Dangerous road conditions, power outages and more than a foot of snow in some areas in Montana were among the effects of a unseasonably powerful storm that’s ripped through the northwestern region of the state and the northern Rocky Mountains — mere days after the start of fall.
Browning had been hit with 23 inches as of Saturday, while East Glacier Park got 21 inches, according to CNN.
A preliminary measurement of Great Falls taken at midnight came in at 9.7 inches for Saturday, which, if made official, would blow past the 1954 record for that day of 6.1 inches, according to the National Weather Service of Great Falls.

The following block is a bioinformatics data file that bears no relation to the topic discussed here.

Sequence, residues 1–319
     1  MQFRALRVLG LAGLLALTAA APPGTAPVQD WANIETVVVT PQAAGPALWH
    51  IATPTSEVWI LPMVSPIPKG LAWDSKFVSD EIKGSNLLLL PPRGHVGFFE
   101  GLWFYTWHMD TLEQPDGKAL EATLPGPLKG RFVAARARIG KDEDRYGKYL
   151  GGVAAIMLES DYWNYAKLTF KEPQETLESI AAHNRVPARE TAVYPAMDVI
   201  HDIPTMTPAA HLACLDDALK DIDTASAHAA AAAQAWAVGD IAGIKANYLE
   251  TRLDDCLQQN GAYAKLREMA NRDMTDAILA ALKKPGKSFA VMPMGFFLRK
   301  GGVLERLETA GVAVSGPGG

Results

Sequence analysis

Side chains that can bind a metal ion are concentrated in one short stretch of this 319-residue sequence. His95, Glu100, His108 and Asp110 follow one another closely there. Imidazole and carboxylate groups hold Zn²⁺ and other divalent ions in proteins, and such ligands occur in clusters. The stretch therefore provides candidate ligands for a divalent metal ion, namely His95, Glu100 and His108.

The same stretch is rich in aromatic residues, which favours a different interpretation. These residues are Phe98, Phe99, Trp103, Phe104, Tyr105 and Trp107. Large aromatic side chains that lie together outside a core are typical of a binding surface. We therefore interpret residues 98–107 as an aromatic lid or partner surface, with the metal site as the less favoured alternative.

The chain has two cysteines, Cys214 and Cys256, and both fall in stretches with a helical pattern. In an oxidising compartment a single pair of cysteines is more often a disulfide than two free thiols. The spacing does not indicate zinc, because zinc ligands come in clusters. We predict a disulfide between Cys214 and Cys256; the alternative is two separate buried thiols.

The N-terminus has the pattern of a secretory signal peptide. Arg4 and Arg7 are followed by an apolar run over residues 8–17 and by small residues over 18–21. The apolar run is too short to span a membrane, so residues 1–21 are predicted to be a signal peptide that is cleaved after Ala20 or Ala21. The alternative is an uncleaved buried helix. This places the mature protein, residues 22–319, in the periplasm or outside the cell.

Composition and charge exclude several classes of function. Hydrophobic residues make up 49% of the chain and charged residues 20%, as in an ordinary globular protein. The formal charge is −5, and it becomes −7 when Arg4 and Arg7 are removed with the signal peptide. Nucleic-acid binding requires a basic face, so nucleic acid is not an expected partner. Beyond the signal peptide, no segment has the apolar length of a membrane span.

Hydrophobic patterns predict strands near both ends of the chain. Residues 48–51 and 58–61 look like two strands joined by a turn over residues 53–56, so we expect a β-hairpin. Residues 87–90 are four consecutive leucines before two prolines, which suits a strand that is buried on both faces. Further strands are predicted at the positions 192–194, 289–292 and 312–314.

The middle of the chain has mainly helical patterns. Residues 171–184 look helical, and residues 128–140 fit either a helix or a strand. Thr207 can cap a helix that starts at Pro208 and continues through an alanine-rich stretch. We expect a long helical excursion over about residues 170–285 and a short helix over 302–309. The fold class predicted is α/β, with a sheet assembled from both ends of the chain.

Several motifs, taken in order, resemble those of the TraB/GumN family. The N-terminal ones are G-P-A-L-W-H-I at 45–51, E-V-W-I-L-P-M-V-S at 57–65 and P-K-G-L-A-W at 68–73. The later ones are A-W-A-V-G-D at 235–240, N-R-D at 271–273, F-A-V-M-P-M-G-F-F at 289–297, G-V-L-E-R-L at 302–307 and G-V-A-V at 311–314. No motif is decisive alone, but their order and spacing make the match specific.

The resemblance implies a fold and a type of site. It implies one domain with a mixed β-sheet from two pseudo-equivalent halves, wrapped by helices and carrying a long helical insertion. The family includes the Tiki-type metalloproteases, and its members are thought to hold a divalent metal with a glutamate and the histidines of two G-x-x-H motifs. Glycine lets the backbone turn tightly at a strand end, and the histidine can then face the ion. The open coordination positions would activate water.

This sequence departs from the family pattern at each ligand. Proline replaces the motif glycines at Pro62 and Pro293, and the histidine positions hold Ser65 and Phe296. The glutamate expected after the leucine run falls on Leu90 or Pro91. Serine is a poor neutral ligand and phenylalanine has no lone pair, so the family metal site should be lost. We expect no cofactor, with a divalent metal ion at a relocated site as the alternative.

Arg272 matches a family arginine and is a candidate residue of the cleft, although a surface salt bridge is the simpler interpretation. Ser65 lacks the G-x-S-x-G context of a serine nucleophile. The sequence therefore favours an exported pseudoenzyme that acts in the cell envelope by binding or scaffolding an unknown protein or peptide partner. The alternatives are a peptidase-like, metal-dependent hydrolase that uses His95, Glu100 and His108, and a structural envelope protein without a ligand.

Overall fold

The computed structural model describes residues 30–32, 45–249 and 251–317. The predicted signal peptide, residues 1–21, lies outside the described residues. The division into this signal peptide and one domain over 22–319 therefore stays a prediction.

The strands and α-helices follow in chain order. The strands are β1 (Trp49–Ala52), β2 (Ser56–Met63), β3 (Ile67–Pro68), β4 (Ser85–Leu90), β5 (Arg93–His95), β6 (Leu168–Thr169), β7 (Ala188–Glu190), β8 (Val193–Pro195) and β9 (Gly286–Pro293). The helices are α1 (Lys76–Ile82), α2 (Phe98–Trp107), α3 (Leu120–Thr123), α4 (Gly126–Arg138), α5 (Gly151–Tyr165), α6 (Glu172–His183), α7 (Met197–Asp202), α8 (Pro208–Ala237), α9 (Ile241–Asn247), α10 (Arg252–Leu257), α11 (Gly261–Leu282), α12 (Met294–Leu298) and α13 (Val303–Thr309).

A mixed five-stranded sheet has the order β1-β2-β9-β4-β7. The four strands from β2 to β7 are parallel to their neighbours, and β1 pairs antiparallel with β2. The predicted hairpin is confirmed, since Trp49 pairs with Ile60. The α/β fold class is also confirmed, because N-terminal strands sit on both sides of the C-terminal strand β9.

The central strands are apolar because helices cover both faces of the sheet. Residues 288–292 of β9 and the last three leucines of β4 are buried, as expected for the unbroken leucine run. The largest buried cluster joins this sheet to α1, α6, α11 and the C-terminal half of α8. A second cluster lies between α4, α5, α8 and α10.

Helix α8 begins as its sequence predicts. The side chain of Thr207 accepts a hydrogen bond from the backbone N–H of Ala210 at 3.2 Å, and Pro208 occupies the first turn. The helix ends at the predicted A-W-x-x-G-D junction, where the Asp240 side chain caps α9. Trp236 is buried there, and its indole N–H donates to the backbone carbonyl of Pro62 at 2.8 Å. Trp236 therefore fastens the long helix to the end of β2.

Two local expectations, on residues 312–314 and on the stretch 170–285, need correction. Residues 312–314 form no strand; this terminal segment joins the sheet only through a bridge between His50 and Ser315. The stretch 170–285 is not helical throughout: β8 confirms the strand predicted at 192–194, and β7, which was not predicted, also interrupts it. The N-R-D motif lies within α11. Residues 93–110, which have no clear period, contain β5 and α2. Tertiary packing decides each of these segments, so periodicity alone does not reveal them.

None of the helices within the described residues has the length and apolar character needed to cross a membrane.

The storm could leave up to 4 feet of snow in the high-altitude areas by the time it’s over.
"If the forecast pans out, this would rival or surpass the 1934 winter storm which was for many areas the top early-season snowfall event on record," said CNN’s meteorologist Ivan Cabrera.
Although it’s still only September, the area impacted by the storm has been known to receive snow this early in the year in the past. Just not to this extent.
A winter storm warning was put out Friday ahead of the storm, which the National Weather Service described at the time as “seasonally-historic.”
Snow continued to come down Sunday and is expected to slow down toward the end of the night. Roads have been closed due to the weather.
Powerful winds and snow also hit mountainous areas in northern Washington and northern Idaho.
With News Wire Services